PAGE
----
Anderson was described as the "banner town of the county" on July 4, 1882, as it hosted the neighboring communities on the occasion of the 106th anniversary of American Independence. The elaborate program for the day included a procession to the grove where the day's activities were to take place, remarks, a prayer, a tableau representing the breaking of the chains of tyranny, a choir selection, a poem, a lecture and lunch, concluded by a moonlight ball. One traveling correspondent later described his impressions of this early Anderson 4th in a lucid manner:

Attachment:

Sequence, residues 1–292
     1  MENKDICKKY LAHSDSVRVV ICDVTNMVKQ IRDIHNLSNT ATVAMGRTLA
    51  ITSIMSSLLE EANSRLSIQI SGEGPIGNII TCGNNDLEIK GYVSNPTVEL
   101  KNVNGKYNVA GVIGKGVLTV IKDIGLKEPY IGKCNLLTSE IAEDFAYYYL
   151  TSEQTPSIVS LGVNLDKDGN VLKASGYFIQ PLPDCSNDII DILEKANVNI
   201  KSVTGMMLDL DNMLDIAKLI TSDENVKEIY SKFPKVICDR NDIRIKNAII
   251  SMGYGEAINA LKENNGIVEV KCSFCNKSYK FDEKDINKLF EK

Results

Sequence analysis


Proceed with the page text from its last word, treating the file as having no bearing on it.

Before the morning sun had time to climb the mountains, we were awakened by the patriotic youth of the town ushering in the natal day of independence by firing off cannon-crackers under our windows. It was not yet four o'clock. By ten we were in the grove just outside of town, where some twelve or fifteen hundred people were assembled, to hear the regulation programme performed. There was the usual inattention on the part of the crowd during the reading of the "Declaration" and a corresponding disposition to gossip and shift positions while the oration was delivered with great fervor by a bright young lawyer, who, it was circulated in loud whispers "would be heard from before long." I thought it more likely he meant to be heard from then, for he thundered away with true Irish enthusiasm until an old farmer in front was quite beside himself with patriotism toward the speaker, while we all joined in his loud hurrah...We found the termometer standing 100 degrees in the shade.